A foreign national was sentenced today to 10 years in prison and ordered to forfeit $6 million for conspiracy to commit money laundering after laundering millions of dollars of drug proceeds on behalf of international drug trafficking organizations.

According to court documents, from at least 2014 to 2020, Jianxing Chen, 42, of Belize City, Belize, led and controlled a network of couriers who transported cash generated by the sale of cocaine throughout the United States – including Chicago, Houston, Los Angeles, New York, and Atlanta – from those locations to New York City. From there, the cash was laundered through a variety of methods until it, or its equivalent value, was remitted to drug trafficking organizations in Latin America, including Mexico. Chen received “contracts” to transport and launder this money through co-conspirators who were prosecuted and convicted based on the same superseding indictment. 

Chen coordinated the laundering of multimillion dollar quantities of drug proceeds from Latin American drug trafficking organizations, including organizations based in Mexico, into the hands of Chinese nationals, who subsequently engaged in a sophisticated scheme to covertly launder the drug money into mainland China, largely circumventing the U.S. financial system.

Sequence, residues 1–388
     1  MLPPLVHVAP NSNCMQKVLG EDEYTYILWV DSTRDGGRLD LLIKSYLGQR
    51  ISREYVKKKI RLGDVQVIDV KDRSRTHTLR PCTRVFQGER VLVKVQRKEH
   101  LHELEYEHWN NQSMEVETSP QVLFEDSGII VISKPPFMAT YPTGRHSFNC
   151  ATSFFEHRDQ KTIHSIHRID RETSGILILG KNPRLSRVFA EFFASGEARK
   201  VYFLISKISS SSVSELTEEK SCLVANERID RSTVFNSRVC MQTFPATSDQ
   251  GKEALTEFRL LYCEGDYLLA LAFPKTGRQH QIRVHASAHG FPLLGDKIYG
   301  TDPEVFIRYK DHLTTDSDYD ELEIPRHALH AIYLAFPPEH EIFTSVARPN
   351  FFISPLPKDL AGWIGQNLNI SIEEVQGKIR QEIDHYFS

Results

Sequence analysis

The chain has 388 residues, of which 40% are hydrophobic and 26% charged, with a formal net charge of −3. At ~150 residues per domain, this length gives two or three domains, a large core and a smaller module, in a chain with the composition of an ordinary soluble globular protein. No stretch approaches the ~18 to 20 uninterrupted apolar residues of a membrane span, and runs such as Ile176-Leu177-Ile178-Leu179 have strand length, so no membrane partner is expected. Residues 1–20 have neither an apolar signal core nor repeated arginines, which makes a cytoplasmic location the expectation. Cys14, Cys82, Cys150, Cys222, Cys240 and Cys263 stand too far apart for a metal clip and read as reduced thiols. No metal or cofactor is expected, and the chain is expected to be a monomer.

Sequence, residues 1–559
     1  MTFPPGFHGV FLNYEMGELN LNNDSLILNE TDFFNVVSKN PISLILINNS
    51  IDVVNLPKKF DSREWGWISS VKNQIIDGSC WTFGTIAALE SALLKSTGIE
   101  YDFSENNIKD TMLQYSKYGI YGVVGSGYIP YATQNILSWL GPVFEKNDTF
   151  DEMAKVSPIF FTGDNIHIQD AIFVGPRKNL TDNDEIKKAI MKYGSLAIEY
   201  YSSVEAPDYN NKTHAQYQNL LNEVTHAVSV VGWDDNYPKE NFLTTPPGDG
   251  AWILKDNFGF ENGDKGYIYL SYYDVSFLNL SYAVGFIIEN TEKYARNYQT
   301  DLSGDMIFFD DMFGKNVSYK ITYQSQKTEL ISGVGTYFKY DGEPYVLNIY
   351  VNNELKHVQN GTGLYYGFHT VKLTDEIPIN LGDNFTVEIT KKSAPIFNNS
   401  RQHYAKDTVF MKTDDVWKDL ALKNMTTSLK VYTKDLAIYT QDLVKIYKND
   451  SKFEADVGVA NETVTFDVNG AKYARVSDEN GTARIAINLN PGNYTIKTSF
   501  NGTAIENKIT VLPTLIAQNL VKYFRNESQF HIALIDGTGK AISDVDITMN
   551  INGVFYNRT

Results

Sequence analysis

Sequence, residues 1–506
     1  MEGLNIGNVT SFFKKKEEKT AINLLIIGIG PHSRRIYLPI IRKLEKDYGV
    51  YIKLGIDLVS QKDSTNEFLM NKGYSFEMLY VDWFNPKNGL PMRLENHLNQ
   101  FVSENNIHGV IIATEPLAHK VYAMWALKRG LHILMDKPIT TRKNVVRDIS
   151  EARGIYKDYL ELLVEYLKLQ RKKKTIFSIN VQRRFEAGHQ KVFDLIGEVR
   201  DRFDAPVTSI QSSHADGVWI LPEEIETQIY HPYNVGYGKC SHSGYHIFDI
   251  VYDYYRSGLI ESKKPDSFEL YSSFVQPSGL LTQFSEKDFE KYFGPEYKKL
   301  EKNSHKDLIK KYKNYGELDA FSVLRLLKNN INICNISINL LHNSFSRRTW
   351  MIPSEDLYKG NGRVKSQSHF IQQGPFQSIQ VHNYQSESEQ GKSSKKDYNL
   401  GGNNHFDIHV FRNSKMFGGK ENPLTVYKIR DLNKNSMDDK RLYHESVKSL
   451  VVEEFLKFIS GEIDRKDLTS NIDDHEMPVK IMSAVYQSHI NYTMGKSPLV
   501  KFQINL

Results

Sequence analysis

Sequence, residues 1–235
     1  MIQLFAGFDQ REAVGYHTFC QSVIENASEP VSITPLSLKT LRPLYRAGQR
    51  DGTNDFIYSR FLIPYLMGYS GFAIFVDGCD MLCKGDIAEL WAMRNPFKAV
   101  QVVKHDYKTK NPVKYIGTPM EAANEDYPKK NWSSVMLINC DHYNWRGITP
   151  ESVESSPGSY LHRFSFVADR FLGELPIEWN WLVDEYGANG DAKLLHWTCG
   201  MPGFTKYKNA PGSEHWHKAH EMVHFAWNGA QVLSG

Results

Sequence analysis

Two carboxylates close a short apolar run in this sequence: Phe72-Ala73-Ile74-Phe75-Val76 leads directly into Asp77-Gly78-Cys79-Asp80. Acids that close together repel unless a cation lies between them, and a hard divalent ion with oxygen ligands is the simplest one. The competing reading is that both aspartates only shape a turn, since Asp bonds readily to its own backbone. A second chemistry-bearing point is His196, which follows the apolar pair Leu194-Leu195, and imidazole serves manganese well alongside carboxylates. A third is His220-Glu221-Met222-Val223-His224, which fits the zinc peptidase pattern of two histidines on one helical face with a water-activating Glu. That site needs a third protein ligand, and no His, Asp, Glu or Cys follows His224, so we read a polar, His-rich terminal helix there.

Chen pleaded guilty on May 23. In October 2021, co-defendant Xizhi Li was sentenced to 15 years in prison for leading the conspiracy to launder tens of millions of dollars for foreign drug trafficking organizations. Li signed a consent order of forfeiture for $10,000,000 to the United States pursuant to his plea.

The DEA Louisville Division and the DEA’s Special Operations Division, Bilateral Investigations Unit investigated the case, with assistance from the DEA’s Office of Special Intelligence, Document and Media Exploitation Unit and the DEA’s offices in New York, Chicago, Los Angeles, Houston, Omaha, Atlanta, Newark, Portland (Oregon), Dallas, Mexico City, Merida (Mexico), Guatemala City, Belmopan (Belize), Beijing, Hong Kong, Jakarta, Manila, Tokyo, Seoul, Bangkok, Lima, and Canberra. The U.S. Department of State’s Diplomatic Security Service (DSS), U.S. Department of Homeland Security’s Immigration and Customs Enforcement, Homeland Security Investigations (HSI), U.S. Postal Inspection Service, Interpol, and U.S. Customs and Border Protection’s National Targeting Center were partners in the investigation.

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